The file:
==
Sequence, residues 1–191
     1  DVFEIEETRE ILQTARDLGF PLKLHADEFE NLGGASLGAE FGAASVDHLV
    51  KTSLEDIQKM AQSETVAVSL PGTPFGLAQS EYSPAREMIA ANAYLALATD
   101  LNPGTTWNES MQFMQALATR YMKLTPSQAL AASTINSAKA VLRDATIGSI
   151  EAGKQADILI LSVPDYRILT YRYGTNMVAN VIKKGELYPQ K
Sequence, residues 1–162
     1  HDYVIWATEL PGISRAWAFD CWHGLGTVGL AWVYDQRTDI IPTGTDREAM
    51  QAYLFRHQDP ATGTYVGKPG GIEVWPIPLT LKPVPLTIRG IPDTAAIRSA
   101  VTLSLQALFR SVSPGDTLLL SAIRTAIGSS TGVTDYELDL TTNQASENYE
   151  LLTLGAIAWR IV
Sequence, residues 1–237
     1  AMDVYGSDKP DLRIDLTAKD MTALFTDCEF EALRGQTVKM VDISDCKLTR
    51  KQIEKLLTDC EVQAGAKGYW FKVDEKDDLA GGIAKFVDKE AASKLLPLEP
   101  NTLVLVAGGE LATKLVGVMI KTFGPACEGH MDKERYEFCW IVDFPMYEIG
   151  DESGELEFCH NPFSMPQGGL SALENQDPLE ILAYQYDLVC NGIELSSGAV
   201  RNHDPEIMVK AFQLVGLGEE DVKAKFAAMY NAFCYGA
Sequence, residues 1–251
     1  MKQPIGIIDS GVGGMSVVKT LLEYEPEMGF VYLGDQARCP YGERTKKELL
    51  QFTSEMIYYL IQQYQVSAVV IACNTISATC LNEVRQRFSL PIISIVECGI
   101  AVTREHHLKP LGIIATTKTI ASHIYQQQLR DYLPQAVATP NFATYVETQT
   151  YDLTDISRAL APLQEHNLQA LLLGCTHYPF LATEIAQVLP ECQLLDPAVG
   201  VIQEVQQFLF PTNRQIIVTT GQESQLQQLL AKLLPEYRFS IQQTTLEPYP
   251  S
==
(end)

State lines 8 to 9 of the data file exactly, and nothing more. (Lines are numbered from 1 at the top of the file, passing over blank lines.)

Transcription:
    51  QAYLFRHQDP ATGTYVGKPG GIEVWPIPLT LKPVPLTIRG IPDTAAIRSA
   101  VTLSLQALFR SVSPGDTLLL SAIRTAIGSS TGVTDYELDL TTNQASENYE